With chagrin I signed paper after paper, drank some horrible elixer meant to dry up liquid and food in your stomach so you don't aspirate during surgery, and put on a paper hat and booties. I had given up on myself and everything, and I just wanted it to be done. I hated these people and wanted the nightmare to be over. I wasn't prepared for any of it. I never read up on c-sections, or healing after one because I was so sure that God wasn't going to let it happen. They wheeled my bed into the surgery room, sat me up, gave me a spinal block, moved me onto the table, set up the tent, made sure I couldn't feel anything, and started cutting. It all happened so fast I hardly felt present even though I was completely aware. The nurse anesthetist was my favorite person, not because I liked the absence of pain, but because he treated me the most humanely. He smiled, he was reassuring, he asked me how I was doing, he held my head in the right direction towards my mom with the puke basin as I heaved into it over the gross sensation of cutting and pulling going on below the blue sheet in my face. 

First sight.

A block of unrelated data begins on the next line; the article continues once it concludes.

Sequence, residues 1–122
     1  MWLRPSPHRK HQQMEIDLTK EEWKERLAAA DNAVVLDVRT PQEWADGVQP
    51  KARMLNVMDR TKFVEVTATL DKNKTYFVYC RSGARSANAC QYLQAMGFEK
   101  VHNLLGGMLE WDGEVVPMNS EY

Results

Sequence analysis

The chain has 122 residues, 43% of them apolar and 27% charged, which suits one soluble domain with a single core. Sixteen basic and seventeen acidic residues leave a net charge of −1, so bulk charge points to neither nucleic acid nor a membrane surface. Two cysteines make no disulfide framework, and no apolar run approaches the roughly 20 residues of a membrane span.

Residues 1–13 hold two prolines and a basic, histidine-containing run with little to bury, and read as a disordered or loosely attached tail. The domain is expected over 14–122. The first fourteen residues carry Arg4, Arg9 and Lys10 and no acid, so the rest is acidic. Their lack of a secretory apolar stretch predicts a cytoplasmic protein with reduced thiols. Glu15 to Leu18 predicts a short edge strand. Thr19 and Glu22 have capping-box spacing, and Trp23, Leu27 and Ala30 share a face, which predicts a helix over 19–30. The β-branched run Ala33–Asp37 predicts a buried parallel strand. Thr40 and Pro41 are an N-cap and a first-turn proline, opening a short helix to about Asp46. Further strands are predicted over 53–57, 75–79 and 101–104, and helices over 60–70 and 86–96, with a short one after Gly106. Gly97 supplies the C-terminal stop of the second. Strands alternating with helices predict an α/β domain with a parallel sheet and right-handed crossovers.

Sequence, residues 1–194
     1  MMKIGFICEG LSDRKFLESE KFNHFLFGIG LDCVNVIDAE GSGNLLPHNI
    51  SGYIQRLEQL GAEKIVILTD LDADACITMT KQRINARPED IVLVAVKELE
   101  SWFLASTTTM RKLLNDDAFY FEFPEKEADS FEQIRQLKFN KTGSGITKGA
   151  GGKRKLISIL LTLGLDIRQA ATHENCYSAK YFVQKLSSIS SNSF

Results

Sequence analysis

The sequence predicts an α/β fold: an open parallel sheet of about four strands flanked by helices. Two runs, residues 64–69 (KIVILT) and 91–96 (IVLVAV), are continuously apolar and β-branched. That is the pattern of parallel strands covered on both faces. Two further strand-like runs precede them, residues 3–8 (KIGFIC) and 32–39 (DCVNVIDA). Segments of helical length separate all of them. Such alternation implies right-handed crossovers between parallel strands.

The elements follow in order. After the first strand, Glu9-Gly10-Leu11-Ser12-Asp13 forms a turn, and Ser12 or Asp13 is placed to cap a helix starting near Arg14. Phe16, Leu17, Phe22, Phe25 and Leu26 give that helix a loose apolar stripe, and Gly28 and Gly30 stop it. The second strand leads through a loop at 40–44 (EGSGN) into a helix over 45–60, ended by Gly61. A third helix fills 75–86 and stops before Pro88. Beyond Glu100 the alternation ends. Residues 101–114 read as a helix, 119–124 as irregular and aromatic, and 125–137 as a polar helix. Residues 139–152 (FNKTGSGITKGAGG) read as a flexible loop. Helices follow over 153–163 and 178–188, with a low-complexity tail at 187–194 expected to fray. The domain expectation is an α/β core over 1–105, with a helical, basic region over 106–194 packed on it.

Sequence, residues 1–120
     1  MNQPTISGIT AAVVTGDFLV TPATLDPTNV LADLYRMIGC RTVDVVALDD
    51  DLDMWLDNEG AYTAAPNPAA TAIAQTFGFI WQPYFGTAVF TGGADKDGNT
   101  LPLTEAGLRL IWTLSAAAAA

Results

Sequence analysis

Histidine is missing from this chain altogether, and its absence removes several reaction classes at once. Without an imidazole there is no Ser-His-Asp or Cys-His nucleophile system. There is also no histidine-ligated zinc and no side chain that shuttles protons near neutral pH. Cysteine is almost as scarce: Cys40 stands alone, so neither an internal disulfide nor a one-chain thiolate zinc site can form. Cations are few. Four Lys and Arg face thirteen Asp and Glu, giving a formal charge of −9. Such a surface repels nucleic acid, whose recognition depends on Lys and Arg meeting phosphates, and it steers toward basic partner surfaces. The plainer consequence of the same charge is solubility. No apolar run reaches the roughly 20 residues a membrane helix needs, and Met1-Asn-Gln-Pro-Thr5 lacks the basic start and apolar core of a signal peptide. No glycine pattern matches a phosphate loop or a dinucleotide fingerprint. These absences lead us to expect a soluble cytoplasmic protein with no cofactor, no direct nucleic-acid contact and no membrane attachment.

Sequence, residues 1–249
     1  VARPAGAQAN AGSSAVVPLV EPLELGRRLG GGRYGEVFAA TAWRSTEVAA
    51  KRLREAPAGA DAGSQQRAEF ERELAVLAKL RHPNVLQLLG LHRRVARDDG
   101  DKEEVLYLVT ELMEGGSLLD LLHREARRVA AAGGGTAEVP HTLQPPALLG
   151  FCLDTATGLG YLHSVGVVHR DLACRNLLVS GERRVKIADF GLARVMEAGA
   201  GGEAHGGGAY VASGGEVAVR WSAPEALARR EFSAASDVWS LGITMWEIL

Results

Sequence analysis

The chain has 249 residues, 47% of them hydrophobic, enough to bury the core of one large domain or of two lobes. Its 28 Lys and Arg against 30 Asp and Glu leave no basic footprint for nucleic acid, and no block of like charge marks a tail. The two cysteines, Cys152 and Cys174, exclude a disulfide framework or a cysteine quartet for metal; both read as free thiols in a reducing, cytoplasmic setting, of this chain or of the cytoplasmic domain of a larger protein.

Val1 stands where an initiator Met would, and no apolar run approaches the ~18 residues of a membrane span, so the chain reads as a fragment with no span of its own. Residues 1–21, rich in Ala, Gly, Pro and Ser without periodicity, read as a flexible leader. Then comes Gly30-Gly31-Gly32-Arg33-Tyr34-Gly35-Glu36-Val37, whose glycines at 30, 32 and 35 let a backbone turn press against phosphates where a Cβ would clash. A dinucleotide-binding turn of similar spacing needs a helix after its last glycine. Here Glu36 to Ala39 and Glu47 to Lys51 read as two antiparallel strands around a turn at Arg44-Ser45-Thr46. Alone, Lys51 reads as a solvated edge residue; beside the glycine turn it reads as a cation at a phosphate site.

Before they pulled my baby out of my sliced and diced body I could hear them speculating her weight by the size of her head. They had to suction her head to get her out of the incision. They were saying 9.5-10 pounds. Then I saw her and I cried, happy and sad tears, and all I could muster was "she has hair". They quickly cleaned, suctioned and swaddled that 8 pound 6 ounce, perfect baby and brought her to see me. Then they took her away just as quickly so they could close me up. As they did the doctor happily informed me of what I already knew about the amniotic fluid, the substance in it was old blood, not meconium, and it was separate from the amniotic sac and placenta. He also told me that it looked like the septum had moved or disappeared to accomodate the pregnancy. The doctor and a nurse joked about my rock hard abs under my flesh and how they don't see many pregnant women's abs. I tried to see it as humorous, but even after seeing my healthy, beautiful baby I resented these people. These people who make decisions for you like they themselves are God, like they really know what's best. A little less than an hour after delivery I was in recovery nursing and talking to my husband on the phone, who felt as angry and defiled as me that I had to get the c-section, and that he couldn't do anything about it.